Brake Design Challange
Teams: The challenge is to be done in the sponsored project teams. If you are in a team of 2, then you can join another team of 2 or do this challenge separately.
Due Date: Wednesday 3/21 midnight (finals week). Upload documents to TritonEd.
When using simulation tools, validating computational results is of utmost importance. This assignment will develop the skills for using hand analysis to validate and guide computer optimization.
The objective is to maximize the braking torque on a shaft in Newton Meters (Nm), subject to the constraints listed below. The design should be validated with a simulation in Working Model 2D (WM2D), and also estimated by hand analysis. Optimization approaches to consider include:
Angle of brake pad contact
Variable mechanical advantage
Use of braking force to generate more braking force
To submit: digitally upload a PDF of your report, then upload the working model file to TritonEd. Two different uploads, and only one team member needs to submit them.
Brief description of at least 3 designs, including figure, and why you choose this design.
Hand analysis of each design with an estimation of the braking force.
WM2D simulation of each design, subject to constraints below. Briefly describe how you validated that simulation is correct including discussion of accuracy and pause settings (see description of baseline model).
Brief comparison of hand analysis to simulation.
Summary table showing all designs considered.
Grading will be based upon quality of write up, validity of analysis, and 50% will be base upon achieving the highest braking force in a valid WM2D simulation.
Constraints and Guidelines
It is recommended that each team start with the provided Brake Design Baseline file. The constraints are as follows:
The brake must be actuated ON and OFF by the piston force. Accordingly, if the piston force is off, the brake must remain non-active. Once the brake is activated, then the brake must be able to retract by reversing the piston force. Make sure to test this.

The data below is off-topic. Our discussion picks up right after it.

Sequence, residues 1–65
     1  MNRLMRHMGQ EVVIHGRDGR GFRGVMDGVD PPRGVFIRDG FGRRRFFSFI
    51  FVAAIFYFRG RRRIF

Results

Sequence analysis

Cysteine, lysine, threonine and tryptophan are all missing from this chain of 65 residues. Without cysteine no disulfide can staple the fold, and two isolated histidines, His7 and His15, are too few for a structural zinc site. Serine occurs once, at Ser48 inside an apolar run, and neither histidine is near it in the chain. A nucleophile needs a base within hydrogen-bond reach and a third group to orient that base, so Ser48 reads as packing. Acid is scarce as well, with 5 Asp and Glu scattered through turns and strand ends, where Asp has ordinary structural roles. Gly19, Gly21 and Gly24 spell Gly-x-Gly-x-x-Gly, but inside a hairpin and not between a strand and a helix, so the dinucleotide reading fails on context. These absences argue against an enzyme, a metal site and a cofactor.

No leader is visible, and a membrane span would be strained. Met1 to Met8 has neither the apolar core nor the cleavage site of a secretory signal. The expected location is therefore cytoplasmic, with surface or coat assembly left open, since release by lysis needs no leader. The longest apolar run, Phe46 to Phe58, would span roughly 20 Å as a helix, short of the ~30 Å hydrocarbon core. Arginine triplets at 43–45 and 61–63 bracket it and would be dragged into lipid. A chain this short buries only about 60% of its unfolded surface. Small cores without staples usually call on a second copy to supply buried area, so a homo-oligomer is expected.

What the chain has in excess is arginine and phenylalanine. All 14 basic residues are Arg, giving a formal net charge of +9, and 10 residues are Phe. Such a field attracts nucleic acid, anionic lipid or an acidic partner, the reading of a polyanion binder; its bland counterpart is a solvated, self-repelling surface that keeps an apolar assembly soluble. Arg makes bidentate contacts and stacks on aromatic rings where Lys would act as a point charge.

The piston can generate a maximum of 94N as determined in the previous piston analysis.
The maximum stroke of the piston is 20mm. This must be confirmed by measuring the point of force application as done on the baseline example.
The shaft has a diameter of 20mm
There must be an unobstructed space of 3mm surrounding the shaft prior to brake application (so the brake does not rub if heating or misalignments occur).
The maximum coefficient of friction between the brake pad and the shaft is 0.3. All parts of the brake that do not touch the shaft, such as internal pivots, do not have friction.
The brake design may not exceed a space of 20cm x 20cm surrounding the shaft as shown with the green rectangle in the baseline example (these rectangles or location of the shaft cannot be moved). The brake mechanism must be in 2D. The piston will be modeled by a force vector, a and there is no need to fit the piston into the 20cm x 20cm space.
For this analysis there is no need to retract the brake, and there is no need to calculate the buckling force of the brake piston, or any moment loads applied onto the piston.
Hand Analysis Example
Hand analysis of 3 brake configurations: a horizontal brake pad, an angled brake pad with counter-clockwise rotation, and an angled brake pad with clockwise rotation in which the braking friction force adds to the braking force. The comparison of the hand analysis and WM2D were as follows: